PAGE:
I met with my advisor after we got back from the Bioacoustics workshop last week. I was really excited about all of the techniques and methods that I had learned about and wanted to try them all. Well, my plans weren’t exactly dismissed, but they were mostly relegated to back-burner status. After momentarily indulging in a little self-pity, I realized that, as usual, he was giving me useful advice and guidance. Given free reign, I will invariably get caught up in the excitement of writing code and solving immediate puzzles (fun for a nerd like me!). Rarely do I step back and ponder the bigger picture – which is exactly what I’m now being asked to do.
I like developing techniques. I like working out problems, and finding the best solution that I can. And the satisfaction of getting the code to work after hours of debugging has got to be one of the greatest feelings. But it turns out that in a PhD program (at least in oceanography) you’re actually supposed to answer SCIENCE QUESTIONS (dun-dun).
So, WHAT IS A SCIENE/RESEARCH QUESTION? And how do you find the right ones? I’m clueless here, so I thought I’d make a list (I like lists). So here’s my list of things to consider when formulating a Science Question:
- What data do I have, or can I obtain, over the next 2-4 years?
- What can this data tell me?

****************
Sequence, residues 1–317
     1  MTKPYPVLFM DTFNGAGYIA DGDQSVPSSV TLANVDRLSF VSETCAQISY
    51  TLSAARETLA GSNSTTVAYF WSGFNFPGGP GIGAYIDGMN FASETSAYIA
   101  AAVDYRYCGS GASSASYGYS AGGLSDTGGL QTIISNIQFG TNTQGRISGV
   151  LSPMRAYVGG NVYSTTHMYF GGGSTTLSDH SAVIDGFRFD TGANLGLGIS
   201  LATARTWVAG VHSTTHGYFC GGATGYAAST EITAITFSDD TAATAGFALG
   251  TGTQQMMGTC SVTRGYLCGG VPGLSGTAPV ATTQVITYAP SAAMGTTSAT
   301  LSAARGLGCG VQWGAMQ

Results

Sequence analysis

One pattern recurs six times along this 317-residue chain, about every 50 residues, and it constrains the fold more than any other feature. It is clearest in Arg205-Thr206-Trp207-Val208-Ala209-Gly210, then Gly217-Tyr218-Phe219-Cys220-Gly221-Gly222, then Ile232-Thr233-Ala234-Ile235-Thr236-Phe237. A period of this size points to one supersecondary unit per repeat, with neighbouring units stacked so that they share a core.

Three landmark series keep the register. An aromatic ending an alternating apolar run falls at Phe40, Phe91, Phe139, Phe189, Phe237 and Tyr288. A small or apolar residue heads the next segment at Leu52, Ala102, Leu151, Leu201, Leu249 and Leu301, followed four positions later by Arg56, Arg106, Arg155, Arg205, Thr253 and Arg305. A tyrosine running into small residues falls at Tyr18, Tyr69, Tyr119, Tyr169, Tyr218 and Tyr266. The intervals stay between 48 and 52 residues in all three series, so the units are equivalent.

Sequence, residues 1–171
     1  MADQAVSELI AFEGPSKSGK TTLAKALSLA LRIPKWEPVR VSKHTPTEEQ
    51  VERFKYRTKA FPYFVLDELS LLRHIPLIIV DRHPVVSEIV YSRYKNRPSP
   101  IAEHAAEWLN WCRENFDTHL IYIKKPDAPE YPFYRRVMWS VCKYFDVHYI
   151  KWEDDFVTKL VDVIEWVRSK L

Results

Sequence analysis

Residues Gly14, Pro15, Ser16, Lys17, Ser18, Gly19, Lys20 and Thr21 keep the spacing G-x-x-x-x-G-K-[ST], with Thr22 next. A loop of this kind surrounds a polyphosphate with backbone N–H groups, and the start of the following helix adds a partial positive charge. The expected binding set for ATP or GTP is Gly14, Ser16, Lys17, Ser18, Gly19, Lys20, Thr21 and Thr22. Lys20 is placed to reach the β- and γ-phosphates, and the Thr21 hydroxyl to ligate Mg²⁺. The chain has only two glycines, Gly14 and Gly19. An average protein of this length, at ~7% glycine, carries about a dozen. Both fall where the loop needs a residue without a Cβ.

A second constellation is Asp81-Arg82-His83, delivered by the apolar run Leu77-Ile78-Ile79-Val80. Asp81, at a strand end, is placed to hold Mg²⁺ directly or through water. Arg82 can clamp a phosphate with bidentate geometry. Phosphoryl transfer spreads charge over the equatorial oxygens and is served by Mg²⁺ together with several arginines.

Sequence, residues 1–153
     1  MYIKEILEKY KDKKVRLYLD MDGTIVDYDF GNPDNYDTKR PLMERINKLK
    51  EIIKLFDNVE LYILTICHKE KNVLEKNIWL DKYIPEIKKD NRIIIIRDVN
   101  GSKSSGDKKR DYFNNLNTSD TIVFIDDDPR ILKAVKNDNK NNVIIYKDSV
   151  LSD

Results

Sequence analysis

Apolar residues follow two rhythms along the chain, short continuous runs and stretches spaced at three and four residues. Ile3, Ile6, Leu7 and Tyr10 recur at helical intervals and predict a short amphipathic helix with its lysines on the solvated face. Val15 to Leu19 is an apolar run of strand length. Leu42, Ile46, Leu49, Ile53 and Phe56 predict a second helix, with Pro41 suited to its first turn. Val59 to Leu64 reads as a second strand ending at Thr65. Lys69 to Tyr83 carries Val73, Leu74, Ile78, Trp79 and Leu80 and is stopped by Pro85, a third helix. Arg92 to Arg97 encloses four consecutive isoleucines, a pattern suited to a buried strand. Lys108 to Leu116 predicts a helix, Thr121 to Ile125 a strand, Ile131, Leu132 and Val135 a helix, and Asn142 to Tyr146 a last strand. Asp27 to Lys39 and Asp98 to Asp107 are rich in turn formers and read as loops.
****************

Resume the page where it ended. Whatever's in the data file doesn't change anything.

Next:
- What are others in the field doing? What is already known?
- What are the big questions that other researchers are trying to answer?
- What type of research is being funded, or could realistically get funding in the future?
WHAT IS NOT A RESEARCH QUESTION? (for me. In other programs the techniques themselves may be the question and the goal)
- How do you implement that python extension for Antelope?
- What’s the most efficient way to compute the intersection of an arc through a grid cell?
Here’s to dedicating at least a portion of my limited brainpower to reading, writing, and thinking about possible research questions.
Advice is welcome!
A comment from Mark on Facebook:
“Well, Michelle, what would YOU like to answer in your field of choice using the techniques you have available?”
He makes a good point. I forgot to add to the list the requirement that I find something that I’m actually interested in investigating. Because I can likely find several possible paths to follow, but I need to choose one that I can stomach for several years.